The 79th International Motor Show in Geneva is kicking off a sluggish year for the automotive industry. Following on the heels of high oil prices, limited access to credit and the consequences of the financial crisis on purchasing power are today penalizing the automotive industry. The development of new gasoline engines will be essential to revive the industry since these engines will continue to represent over 80% of the market for the next 20 to 30 years.
These new engines must be able to boost the market and meet new regulations. Their production costs must remain affordable. In line with these objectives, MCE-5 technology already has a 12 year lead on what should be a fundamental stage in the development of IC engines: an "intelligent" variable compression ratio. VCRi heralds the renewal of car engine technology.
The first VCRi vehicle: a leap forward for automobiles
The Peugeot 407 type demonstration vehicle presented on the MCE-5 DEVELOPMENT stand (No 3000 in the Green Pavilion) is powered by a 1.5L MCE-5 VCRi engine that develops 220 hp, equal to that of a 3.0L V6 engine, and 420 Nm of torque as of 1500 rpm, comparable to that of a V8 gasoline engine. These results are achieved with a fuel consumption of 6.7 L / 100 km on the NEDC (158 g of CO2/km). This high performance 1.5L demonstration can of course be applied to lower engine capacities. These results are only intermediary ones obtained on an engine in development that is not equipped with GDI (gasoline direct injection) or the optimized combustion chambers expected in late 2009.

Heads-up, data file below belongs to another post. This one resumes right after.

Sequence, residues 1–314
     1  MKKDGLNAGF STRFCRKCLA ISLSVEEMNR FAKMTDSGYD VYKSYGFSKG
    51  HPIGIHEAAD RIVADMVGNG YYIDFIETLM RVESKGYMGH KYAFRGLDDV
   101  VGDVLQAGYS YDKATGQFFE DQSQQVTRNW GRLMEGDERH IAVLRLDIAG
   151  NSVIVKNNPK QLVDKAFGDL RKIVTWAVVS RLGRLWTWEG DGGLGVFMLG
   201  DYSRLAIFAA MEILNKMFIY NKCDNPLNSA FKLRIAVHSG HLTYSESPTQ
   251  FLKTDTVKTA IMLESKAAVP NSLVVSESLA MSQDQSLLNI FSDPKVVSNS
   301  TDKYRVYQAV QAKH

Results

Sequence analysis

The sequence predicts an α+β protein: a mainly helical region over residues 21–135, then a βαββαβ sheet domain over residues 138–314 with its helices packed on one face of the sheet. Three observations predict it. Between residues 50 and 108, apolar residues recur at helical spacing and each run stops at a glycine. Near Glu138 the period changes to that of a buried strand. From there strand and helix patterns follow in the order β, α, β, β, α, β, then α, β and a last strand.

A 2010 version of MCE-5 VCRi engine will be equipped with GDI, optimized combustion chambers as well as the advanced management of engine temperature, of the cylinder head, pistons and exhaust manifold. The power and torque will respectively be ramped up to 270 hp and 460 Nm, while average consumption on the NDEC will drop under the 6.0 L / 100 km mark (less than 140 g of CO2/km). With this type of engine, reaching the target of 120 g of CO2/km seems realistic by 2012-2013 for high-performance vehicles, with a strong reduction in fuel consumption for the whole vehicle range.
A clear strategy from prototype to mass production
Many prototypes never reach mass production for functional, economic or strategic reasons. As opposed to many other technologies that have been explored, the MCE-5 engine benefited as of the start of its development in 1997 from an approach resolutely focused on mass production. In 2009, twelve companies including major European Tier 1 automotive industry suppliers combined their talents to propose to carmakers a program intended to develop and manufacture the MCE-5 VCRi engine in the coming 6 to 8 years.
This proposal makes even more sense in the current economic, energy and environmental context, by addressing the main factor that will condition the automotive industry for the next 20 to 30 years: gasoline engine efficiency.
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